October 20th, 2010 at 11 AM
The application of knowledge discovery within the cloud is immensely powerful, but not inbuilt. We are collectively moving past the question of "what is cloud computing", and swiftly moving towards "how does the cloud enable advanced analysis against massive volumes of data?" With industry and government leveraging multiple clouds, how do we successfully share and search large collections of data across systems, departments, and geographies? Organizations will continue to discuss and better understand the analytic power and economies of cloud computing, in the sense of data storage, sharing, and management; but we are quickly discovering that creating knowledge from data is more than just a discussion of technology. It's a discussion of what can be accomplished when massive data and cloud computing efficiencies combine to make advanced analysis and innovation possible.
Tags: technology , cloud , cloud computing , Michael Byrne , Jeff Jonas , David Mihelcic , DISA , Chris Nissen , Mike Olson , Cloudera , MITRE , IBM , FCC , big data , Massive Data , data management , analytics , Chris Kelly , data models , IT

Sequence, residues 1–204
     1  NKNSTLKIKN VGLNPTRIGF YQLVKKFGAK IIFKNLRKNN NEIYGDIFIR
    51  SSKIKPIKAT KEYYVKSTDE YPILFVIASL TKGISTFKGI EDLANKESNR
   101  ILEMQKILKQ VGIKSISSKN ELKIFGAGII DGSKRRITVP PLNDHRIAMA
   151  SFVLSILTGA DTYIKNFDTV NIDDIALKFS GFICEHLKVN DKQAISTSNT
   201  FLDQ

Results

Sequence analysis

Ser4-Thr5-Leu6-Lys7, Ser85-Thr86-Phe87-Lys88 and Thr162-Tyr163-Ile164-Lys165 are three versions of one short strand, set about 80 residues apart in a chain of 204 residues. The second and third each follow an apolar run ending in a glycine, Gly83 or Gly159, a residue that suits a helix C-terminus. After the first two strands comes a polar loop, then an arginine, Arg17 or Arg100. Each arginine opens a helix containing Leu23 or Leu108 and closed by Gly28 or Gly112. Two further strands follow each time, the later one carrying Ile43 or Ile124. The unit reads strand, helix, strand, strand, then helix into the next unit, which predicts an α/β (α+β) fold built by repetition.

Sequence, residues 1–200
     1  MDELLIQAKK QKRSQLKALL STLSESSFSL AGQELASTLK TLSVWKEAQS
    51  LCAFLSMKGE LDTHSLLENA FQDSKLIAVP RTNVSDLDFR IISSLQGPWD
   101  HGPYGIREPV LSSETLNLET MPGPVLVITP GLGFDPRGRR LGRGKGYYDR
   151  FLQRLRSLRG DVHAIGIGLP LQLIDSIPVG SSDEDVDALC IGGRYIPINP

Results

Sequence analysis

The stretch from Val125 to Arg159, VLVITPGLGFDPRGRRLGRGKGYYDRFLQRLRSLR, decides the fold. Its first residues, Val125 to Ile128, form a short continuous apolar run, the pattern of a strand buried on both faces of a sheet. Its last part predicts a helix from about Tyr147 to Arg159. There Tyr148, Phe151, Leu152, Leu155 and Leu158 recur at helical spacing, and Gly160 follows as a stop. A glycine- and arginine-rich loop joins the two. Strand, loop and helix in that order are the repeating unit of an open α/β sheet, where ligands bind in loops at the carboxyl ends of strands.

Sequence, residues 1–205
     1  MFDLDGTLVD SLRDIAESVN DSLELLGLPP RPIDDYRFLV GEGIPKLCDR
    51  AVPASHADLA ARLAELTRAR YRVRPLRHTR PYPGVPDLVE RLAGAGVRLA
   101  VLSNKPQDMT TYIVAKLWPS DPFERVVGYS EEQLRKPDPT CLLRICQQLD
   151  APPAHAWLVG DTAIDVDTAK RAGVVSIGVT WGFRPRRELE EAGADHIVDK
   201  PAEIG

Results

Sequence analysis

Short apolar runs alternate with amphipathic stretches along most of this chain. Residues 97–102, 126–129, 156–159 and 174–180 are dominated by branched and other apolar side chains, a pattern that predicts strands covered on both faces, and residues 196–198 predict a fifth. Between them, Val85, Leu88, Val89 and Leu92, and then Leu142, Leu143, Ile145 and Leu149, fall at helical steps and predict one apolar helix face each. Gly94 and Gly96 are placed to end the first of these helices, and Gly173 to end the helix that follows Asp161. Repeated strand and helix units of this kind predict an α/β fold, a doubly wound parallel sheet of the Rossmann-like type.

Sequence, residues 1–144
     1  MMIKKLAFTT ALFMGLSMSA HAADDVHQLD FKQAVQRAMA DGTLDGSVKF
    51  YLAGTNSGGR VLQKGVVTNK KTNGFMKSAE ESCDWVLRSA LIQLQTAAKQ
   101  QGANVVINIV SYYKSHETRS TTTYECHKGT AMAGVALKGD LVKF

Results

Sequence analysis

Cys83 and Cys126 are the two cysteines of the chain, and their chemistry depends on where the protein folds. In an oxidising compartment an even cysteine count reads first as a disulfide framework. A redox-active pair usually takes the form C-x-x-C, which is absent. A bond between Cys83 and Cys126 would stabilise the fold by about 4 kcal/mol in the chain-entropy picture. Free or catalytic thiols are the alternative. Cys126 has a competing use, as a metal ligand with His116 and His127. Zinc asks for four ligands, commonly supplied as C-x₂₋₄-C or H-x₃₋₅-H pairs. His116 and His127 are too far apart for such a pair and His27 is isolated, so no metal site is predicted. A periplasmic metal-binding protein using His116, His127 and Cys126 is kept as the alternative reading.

Thursday, March 24th, 2010 at 11:00am
Identity and Cyber Security will play a critical role in building and managing a Smart Energy Grid. More secure and reliable access based on known and verifiable Identity will provide greater efficiency, ease of use, and security. With this decentralization, more complex systems of access management will be needed to permit authorized people the ability manage their areas of responsibility, to provide the frameworks necessary to create trust, to verify information, and to allow greater consumer participation in electrical services.
Tags: technology , identity , cyber security , Smart Energy Grid , National Institute of Standards and Technology , National Energy Technology Laboratory , Tennessee Valley Authority , Software Engineering Institute , George Arnold , Steve Bossart , James Sample , Bill Wilson